Show Off Your Cabochons

Leslie Rogalski Working with cabochons

I used to have something called a worry stone. It was a small polished stone with a smooth indentation, offering a tactile path to serenity, like a kid who rubs the satin on a comfort blankie. I have the same sense of  “ahhhh” when I touch a shiny cabochon. Made of stone, glass, gemstone, or other materials, cabochons usually have no holes. They’re level on one side and domed to some extent on the other and come every shape and size you can imagine.

Bezels
Bezels are the rims that hold a cabochon or other focal piece in place. I know many of you have already made pendants with wire or metal, enclosing stones, shells, even buttons. Some of you have even used metal techniques such as prongs to hold a special stone in design. I haven’t ventured too far into metalsmithing myself yet, but I am such a fan of cabochons in jewelry––whether rings, pins, or pendants, cabochons can be showcased in beadwork, wirework, even clay, as well as metalsmithing.

glass cabochons

Jeff Barber is a lampwork artist known for his beads but who also makes glass cabochons such as these with their striking swirls of pattern and color. And look, a couple have beaded bezels.

The Entangled Wire Bezel by Lisa Niven Kelly shows the adaptability and texture of wire for different-shaped focal cabs.

 

metal bezel

Editor Helen Driggs shows an unusual approach to a metal bezel in her Carrasite and Copper pendant. Her bezel plays around the shape of the focal piece.

Bead a cabochon pendant
Here’s one of the ways I incorporate a cabochon as a beader: I use circular netting because it allows more of the focal to show than if I covered its sides with a more solid beadwork stitch. It's more a cage than a bezel. Use a symmetrical round or oval shape for your first go at this. Shown here: a 35mm black tigereye cabochon, beading thread, and two sizes of beads: size 11˚ seed beads and 3mm round crystals.

1: On a comfortable length of thread, string a circle alternating 1 crystal and 1 seed bead, to form a ring that will fit on top of your cab but well within the perimeter, leaving about ¼" around the edge. My ring uses 18 crystals and 18 seed beads. Tie the tail and the working thread securely.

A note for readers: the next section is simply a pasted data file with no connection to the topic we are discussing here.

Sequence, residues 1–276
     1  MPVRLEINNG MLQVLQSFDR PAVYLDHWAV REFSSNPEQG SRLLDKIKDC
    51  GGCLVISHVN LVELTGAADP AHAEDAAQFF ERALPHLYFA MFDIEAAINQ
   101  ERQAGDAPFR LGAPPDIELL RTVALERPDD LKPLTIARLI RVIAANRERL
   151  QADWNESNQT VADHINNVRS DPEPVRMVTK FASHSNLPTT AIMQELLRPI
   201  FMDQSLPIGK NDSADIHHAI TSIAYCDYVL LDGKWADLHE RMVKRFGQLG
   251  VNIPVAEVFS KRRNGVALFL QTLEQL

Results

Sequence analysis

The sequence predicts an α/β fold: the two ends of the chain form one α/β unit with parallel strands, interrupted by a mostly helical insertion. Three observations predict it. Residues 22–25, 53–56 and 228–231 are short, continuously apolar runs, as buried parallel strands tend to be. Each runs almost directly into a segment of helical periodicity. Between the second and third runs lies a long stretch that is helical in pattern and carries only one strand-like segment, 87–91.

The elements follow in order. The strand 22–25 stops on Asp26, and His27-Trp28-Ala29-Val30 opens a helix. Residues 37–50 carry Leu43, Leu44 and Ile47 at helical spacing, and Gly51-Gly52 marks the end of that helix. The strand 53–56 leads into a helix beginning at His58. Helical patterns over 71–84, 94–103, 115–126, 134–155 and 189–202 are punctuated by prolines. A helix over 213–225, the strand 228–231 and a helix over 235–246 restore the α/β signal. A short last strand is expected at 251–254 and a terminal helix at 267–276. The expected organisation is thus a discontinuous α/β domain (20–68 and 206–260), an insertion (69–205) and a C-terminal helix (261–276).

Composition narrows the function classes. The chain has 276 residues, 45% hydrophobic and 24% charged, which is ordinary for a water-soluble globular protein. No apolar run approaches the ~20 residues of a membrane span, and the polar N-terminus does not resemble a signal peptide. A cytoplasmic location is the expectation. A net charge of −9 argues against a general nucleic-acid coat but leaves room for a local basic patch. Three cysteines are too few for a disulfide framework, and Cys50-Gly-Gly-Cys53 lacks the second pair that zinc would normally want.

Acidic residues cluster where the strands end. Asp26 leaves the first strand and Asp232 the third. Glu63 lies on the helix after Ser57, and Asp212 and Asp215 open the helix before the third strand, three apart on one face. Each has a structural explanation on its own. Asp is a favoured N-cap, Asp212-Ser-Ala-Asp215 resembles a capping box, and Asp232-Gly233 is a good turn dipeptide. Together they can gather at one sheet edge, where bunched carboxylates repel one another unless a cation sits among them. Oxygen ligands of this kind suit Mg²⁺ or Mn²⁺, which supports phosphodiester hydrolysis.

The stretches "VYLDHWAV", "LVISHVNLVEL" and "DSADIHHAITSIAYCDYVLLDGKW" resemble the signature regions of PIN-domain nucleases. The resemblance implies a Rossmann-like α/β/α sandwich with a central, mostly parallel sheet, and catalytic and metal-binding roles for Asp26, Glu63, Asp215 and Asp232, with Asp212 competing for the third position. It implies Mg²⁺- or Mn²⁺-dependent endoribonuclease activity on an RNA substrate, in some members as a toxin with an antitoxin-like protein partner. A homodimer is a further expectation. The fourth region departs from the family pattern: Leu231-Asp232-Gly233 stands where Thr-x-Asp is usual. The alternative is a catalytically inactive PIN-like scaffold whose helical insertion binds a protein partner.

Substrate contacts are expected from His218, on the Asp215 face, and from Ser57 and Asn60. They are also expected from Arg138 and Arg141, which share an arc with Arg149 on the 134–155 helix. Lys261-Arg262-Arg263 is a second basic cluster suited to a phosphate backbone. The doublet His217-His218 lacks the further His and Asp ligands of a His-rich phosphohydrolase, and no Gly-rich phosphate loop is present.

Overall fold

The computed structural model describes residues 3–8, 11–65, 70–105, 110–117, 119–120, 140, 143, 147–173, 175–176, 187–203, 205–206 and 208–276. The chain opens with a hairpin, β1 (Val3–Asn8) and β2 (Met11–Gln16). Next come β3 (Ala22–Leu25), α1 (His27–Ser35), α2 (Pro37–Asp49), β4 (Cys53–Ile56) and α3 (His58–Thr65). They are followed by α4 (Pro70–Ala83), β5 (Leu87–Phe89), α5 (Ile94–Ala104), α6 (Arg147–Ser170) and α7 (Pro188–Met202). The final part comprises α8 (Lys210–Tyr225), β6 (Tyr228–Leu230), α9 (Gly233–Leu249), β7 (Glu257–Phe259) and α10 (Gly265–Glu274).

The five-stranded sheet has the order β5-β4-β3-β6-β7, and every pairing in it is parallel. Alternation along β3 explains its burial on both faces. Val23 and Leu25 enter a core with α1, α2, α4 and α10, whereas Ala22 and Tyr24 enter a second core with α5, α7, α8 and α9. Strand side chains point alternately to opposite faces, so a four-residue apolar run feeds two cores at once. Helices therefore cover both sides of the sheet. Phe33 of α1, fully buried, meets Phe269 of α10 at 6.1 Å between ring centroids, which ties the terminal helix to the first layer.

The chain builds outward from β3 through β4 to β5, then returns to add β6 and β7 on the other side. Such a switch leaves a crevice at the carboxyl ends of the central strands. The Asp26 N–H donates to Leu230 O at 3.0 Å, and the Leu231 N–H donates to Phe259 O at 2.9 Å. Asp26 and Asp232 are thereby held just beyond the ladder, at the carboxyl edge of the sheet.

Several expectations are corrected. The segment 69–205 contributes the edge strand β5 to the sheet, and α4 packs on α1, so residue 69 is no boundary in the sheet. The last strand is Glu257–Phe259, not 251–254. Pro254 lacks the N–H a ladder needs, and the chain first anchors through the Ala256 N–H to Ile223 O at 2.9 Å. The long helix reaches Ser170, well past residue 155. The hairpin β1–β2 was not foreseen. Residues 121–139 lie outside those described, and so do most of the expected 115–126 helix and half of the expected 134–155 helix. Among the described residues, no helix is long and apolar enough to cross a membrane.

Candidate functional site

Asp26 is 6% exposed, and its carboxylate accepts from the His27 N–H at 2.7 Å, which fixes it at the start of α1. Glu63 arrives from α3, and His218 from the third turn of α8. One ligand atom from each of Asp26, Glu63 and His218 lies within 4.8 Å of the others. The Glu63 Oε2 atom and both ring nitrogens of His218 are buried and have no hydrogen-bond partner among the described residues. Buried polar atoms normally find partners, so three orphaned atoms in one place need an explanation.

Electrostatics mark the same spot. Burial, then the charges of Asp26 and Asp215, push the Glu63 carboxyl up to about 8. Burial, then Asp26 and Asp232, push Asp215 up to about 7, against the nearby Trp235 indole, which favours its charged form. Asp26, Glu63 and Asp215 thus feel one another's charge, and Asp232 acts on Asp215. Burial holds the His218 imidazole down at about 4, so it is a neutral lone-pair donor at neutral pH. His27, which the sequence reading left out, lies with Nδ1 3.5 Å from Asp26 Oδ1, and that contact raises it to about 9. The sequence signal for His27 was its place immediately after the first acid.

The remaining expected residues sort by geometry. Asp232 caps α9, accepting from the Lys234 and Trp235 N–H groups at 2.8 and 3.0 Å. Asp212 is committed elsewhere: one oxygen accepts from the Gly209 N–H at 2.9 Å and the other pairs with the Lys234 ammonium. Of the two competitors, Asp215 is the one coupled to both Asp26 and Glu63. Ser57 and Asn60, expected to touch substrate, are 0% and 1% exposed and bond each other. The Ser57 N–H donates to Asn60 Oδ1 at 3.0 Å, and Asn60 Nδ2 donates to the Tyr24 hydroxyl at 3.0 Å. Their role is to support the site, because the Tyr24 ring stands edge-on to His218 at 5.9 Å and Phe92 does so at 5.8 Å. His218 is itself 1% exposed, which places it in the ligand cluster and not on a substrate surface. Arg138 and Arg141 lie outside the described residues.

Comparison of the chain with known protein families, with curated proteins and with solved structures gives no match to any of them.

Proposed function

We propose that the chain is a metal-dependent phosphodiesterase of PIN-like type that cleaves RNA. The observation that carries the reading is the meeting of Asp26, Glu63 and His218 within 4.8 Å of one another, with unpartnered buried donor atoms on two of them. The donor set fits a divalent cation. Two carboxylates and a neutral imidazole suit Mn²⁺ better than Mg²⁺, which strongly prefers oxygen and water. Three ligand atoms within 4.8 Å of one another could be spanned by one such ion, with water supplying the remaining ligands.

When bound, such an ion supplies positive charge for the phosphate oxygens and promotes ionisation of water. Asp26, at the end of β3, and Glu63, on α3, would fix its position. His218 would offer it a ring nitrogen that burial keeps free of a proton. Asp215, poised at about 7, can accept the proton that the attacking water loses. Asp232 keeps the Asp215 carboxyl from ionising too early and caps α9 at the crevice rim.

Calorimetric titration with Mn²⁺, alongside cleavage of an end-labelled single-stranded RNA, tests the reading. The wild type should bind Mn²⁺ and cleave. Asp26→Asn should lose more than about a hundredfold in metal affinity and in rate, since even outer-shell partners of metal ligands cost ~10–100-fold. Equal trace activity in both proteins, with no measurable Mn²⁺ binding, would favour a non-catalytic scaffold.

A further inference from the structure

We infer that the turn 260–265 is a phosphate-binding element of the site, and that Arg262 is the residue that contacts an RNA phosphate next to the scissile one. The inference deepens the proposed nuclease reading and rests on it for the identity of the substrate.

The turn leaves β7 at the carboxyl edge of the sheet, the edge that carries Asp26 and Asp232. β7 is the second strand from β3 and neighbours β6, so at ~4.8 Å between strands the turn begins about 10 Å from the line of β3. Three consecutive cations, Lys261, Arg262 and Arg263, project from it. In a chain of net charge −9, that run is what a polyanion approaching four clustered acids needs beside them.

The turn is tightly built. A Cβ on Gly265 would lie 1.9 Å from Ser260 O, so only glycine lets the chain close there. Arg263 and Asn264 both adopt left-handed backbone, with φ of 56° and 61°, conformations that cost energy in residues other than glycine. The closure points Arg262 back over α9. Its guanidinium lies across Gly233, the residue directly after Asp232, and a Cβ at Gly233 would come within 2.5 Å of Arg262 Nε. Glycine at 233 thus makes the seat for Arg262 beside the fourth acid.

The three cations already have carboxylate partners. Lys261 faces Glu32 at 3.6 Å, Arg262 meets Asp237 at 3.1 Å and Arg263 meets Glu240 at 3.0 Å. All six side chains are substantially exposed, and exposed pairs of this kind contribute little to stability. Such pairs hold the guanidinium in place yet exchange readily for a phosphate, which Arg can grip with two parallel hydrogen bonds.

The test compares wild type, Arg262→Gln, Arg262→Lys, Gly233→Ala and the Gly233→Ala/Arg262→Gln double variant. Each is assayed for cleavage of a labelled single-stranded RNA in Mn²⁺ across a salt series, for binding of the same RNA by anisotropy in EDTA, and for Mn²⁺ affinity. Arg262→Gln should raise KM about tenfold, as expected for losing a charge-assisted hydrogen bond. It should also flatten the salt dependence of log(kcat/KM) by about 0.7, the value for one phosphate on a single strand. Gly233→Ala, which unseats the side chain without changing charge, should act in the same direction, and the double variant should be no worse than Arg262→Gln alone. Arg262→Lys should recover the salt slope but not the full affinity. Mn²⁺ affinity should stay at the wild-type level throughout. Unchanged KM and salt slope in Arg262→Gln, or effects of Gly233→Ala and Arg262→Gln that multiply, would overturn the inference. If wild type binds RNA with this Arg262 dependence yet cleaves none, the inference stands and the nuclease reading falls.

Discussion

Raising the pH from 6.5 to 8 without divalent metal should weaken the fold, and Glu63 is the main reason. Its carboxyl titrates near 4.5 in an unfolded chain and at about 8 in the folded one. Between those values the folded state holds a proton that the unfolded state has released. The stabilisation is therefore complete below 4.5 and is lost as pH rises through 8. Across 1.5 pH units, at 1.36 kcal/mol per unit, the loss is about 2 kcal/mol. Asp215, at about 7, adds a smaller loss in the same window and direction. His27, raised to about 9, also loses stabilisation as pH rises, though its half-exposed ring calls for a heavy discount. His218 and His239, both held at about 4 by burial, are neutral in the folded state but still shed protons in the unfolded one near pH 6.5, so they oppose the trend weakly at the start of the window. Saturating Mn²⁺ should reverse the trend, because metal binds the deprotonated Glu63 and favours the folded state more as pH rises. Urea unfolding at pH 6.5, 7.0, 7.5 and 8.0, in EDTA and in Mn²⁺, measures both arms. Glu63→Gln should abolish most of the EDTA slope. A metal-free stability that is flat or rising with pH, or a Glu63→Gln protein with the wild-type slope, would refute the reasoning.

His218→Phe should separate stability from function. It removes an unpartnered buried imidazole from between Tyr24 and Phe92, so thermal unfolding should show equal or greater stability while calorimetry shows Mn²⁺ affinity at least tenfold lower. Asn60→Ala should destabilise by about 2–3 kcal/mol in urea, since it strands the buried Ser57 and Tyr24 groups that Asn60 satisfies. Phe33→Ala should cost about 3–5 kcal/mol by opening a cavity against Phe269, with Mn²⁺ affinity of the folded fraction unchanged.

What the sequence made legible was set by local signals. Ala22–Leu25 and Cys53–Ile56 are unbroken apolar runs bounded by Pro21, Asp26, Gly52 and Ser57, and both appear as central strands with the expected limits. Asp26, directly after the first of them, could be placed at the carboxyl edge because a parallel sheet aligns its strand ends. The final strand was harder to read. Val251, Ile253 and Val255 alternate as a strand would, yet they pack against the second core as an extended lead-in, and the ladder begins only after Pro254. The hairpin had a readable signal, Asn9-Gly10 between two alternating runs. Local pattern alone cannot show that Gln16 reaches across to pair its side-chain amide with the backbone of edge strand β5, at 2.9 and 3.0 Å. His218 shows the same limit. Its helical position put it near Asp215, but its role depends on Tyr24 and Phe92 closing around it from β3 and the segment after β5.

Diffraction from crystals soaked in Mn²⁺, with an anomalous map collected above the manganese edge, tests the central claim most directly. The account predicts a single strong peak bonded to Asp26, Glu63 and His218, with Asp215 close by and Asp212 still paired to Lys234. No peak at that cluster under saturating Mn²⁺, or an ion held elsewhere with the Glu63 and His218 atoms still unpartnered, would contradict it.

2: Form a starburst of picot points around this ring: string 3 seed beads, 1 crystal, and 1 seed bead. Pass back through the crystal. String 3 seed beads. Skip 1 crystal in the ring and pass through the next, forming a point. Repeat for 9 points around the circle.

3: Exit the 3 seed beads, the crystal, and the tip seed bead in one of the picot points.

4: Work another round of netting, looping between the tip seed beads of the picot points: string 10 seed beads,1 crystal and 10 seed beads. Pass through the next tip seed bead. Repeat to form 9 large loops.

5: When you return to the first loop, pass through the first 10 seed beads and the crystal in the center of the loop. Lay the cabochon face down inside this netted circle.

6: String twice through all the center crystals for a secure circle, pulling them into a snug ring in the middle of the back of the cabochon. And yes, you can wear this side facing out!

  7: For a bail, exit near the top of one of the back strands of seed beads. I used 2-drop square stitch to form a strip and joined it to a bead at the front of the cabochon.

Learn to bezel with the best
If I were working in metal, I’d be at my bench instantly after seeing the 10 Cabochon Pendant Jewelry Projects eBook from Lapidary Journal Jewelry Artist.  These designs are so unique and the stones and gems so gorgeous, I get goose granulations all over just looking at them! See if you don’t, too.

Have you found a way to wear a fabulous cabochon? Share it on our Beading Daily galleries!

 

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